The damn what-ifs

My first umbrella was a good one. It felt sturdy and it covered a surprisingly wide area for a two-fold, but it was really big. The idea was for my umbrella to be easy to bring, something I could put in my bag and carry every time I go to work. The best I could do, however, was put two-thirds of it inside, with the handle sticking out of one corner of the bag. Still, it means it was easy to grab when it suddenly rains hard and I'm in the middle of the Ortigas Center, walking to the shuttles, or to anywhere else I have to go.

Perhaps that factor led to it getting lost at the start of the year.

My mother bought the umbrella, albeit temporarily: I had to pay around P350 when I got home. The new one costs a little over half that, but seemed to have the same qualities, or maybe better: the two-fold may be covering a smaller area than before, but at least I can put it inside my bag and not have the entire handle stick out. It feels less sturdy, though, but I don't think it'll suffer the fate of an umbrella I borrowed in the middle of the typhoon - it just broke up before I could even use it.

We've had disagreements since I lost the umbrella. She argued that it got lost because I insisted on bring it every single day, even if the weather reports don't indicate anything about rain. I argued that weather is unpredictable, something that I've proven to myself in many cases, when a sunny day in Bacoor turns out to be a dark rain cloud in Pasig. Still, she won the entire thing, by suggesting - and that's putting it gently - that I not bring my umbrella unless it's the rainy season. It was reasonable, I figured, so I did just that.

But here's where the weather became predictable: it started to rain. Yesterday there were just drizzles, nothing that my jacket - which I can bring every day, thankfully - couldn't handle. The rain drops were of the light variety, half-torrential but finer as compared to those days when classes are suspended and work isn't. Today, though, I was awake inside the shuttle to work and I thought that tomorrow could be my first rainy birthday. The highway was seriously wet. The rains were basically torrential.

I made it through without the jacket, thankfully, as the skies were merely gloomy in our office. As I felt my bag sway further from my shoulder - it was lighter, of course - I walked to the office and hoped not to step on a puddle, and not to see nothing from the window throughout the day. Inevitably, I wouldn't notice anything but the other employees look out of the windows, moving the blinds, and seeing nothing, and that's when I confirmed my worst fears for the day. The rains were, yeah, basically torrential.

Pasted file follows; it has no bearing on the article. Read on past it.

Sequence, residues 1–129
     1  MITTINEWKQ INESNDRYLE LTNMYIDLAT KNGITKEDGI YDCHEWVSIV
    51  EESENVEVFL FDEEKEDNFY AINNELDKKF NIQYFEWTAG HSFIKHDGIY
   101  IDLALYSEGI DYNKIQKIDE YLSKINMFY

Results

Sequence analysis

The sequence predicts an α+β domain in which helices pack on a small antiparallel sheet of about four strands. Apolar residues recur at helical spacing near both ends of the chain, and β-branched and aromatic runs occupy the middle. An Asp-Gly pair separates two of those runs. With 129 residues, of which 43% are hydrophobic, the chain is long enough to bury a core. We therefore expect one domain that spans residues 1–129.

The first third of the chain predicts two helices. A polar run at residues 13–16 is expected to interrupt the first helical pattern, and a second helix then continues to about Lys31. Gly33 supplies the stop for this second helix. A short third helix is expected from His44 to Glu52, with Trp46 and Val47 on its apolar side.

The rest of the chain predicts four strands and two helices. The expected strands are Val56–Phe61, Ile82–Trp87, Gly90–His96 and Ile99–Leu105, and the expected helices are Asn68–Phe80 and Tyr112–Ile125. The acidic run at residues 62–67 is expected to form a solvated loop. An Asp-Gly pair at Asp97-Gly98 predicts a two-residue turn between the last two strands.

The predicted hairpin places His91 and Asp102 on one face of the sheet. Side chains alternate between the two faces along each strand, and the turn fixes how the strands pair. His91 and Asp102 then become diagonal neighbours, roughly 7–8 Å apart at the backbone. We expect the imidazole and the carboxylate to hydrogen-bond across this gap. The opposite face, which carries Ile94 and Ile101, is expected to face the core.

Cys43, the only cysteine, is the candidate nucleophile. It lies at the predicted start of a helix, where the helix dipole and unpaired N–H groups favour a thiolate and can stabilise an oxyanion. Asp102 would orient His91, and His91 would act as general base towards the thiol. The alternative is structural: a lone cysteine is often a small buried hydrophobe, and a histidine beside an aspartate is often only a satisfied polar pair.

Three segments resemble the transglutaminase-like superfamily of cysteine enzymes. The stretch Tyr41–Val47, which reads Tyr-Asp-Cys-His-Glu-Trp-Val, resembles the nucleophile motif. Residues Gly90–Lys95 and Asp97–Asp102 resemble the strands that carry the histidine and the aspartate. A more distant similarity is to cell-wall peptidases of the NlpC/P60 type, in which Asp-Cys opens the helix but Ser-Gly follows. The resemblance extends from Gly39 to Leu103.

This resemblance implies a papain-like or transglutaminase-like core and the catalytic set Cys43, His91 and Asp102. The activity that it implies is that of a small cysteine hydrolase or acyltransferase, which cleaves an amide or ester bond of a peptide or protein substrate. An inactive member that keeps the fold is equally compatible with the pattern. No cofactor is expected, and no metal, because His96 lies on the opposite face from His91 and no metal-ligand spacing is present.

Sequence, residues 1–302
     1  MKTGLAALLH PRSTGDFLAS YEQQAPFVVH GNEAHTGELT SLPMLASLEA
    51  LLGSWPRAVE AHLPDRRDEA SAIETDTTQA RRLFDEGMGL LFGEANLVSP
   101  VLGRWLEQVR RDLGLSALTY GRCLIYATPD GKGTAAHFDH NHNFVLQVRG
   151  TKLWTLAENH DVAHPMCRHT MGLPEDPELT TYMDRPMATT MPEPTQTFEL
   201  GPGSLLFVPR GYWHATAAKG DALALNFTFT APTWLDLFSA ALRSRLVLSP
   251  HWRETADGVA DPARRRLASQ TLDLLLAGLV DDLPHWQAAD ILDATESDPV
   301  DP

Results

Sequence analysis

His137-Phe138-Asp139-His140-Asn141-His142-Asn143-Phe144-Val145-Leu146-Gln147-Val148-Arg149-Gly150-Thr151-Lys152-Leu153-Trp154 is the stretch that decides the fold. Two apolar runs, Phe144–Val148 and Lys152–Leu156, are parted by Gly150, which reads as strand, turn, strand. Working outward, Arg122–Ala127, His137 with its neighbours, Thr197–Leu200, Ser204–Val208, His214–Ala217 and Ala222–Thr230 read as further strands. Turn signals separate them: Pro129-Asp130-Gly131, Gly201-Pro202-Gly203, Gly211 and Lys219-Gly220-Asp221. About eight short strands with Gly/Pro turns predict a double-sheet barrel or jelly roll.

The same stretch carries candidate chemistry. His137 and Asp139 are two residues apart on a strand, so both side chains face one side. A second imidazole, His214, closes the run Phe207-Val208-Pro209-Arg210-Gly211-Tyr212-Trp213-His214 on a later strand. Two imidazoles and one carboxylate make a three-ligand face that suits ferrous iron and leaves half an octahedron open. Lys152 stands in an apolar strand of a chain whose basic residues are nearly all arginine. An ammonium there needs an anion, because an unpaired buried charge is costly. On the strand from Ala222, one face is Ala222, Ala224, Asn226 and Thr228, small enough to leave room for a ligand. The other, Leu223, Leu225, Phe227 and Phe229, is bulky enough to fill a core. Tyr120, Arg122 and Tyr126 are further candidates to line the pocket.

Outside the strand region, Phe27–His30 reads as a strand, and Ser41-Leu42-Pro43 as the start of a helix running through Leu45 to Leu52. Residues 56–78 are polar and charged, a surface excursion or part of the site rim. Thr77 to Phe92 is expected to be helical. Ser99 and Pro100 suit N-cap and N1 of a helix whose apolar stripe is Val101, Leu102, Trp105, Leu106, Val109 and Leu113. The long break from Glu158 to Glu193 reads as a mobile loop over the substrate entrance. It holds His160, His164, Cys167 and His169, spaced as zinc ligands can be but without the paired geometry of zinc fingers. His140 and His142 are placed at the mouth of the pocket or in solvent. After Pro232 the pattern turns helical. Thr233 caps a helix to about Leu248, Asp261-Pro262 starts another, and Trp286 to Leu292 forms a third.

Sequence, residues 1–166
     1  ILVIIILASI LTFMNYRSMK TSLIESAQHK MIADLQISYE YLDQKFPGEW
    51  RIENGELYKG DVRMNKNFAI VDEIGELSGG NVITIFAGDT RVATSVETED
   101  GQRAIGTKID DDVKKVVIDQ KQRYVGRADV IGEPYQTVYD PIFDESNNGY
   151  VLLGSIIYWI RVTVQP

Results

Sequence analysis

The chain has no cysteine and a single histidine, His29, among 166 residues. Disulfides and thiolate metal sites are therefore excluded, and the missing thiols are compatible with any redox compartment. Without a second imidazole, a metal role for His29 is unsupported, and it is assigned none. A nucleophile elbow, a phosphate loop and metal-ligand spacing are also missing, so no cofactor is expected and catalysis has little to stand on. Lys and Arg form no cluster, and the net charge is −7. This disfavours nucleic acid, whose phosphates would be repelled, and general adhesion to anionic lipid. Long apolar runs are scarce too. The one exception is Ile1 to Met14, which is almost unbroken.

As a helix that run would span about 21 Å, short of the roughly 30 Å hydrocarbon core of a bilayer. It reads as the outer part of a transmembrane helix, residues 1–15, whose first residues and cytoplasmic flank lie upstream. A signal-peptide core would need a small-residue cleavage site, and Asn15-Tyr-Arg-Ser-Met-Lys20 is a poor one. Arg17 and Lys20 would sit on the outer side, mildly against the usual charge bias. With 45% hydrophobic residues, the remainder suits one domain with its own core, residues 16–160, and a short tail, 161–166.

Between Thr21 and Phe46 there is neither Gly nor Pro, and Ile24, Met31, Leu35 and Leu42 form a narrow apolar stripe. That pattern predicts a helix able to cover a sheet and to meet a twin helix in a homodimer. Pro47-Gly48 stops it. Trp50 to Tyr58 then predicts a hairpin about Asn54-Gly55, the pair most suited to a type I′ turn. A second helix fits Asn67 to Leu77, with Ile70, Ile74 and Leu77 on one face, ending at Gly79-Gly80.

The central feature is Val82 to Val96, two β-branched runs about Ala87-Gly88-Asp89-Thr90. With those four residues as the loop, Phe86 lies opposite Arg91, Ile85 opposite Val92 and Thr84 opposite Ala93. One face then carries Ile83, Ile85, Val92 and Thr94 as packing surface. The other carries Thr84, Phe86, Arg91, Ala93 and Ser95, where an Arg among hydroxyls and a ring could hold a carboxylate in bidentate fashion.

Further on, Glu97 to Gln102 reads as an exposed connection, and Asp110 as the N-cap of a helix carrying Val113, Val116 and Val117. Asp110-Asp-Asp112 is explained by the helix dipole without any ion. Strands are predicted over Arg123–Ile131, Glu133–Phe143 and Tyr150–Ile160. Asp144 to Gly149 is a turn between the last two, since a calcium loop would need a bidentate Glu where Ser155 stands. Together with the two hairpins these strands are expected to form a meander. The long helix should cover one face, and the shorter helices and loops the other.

"So you went to the office without an umbrella?" Adette suddenly asked.

"Yeah," I answered. "I have a jacket, but that wouldn't hold." I was now looking out the window, and all I can see were drops of rain that were blown off by the strong winds that characterize San Miguel Avenue. I felt my journalistic streak come in. "Rain outside seems to be torrential times twenty-three."

"Yup," she answered. "It's the same here in Makati."

Of course, I regretted not bringing my umbrella. I felt that it would rain, since there was some degree of precipitation yesterday, but thought the jacket could hold it. This time, I was stuck inside an office in the middle of the day, thinking about how I'll be able to get out and buy myself lunch. I was more worried about buying my lunch than getting home with as less moisture as possible.

"What if I buy food na?" I volunteered.

"If pwede, why not?" she asked.

"Well, for one I'll look ridiculous," I answered. It was ten minutes to eleven. Just ten minutes to eleven.

"Eh kaysa naman hindi ka makakain ng lunch mamaya dahil super lakas ng ulan," she argued. "Pero what if mamayang lunch time saka gumanda lalo yung weather, di ba?"

"Yun nga lang," I conceded. "The damn what-ifs."

The conversation ended before the top of the hour, and twenty minutes later, I found myself going down the building, jacket in shoulders and hood in head, to buy myself something. It was a drizzle that my jacket couldn't handle. Or a drizzle that didn't need a jacket, but you'll never know when you'll get caught in the rain. That never happened, even if I was stuck in line for a good twenty minutes.

I only ate lunch an hour after I got back, as I finished the last of my articles. There were two bags of fast food on our row of computers. A damn what-if right there.

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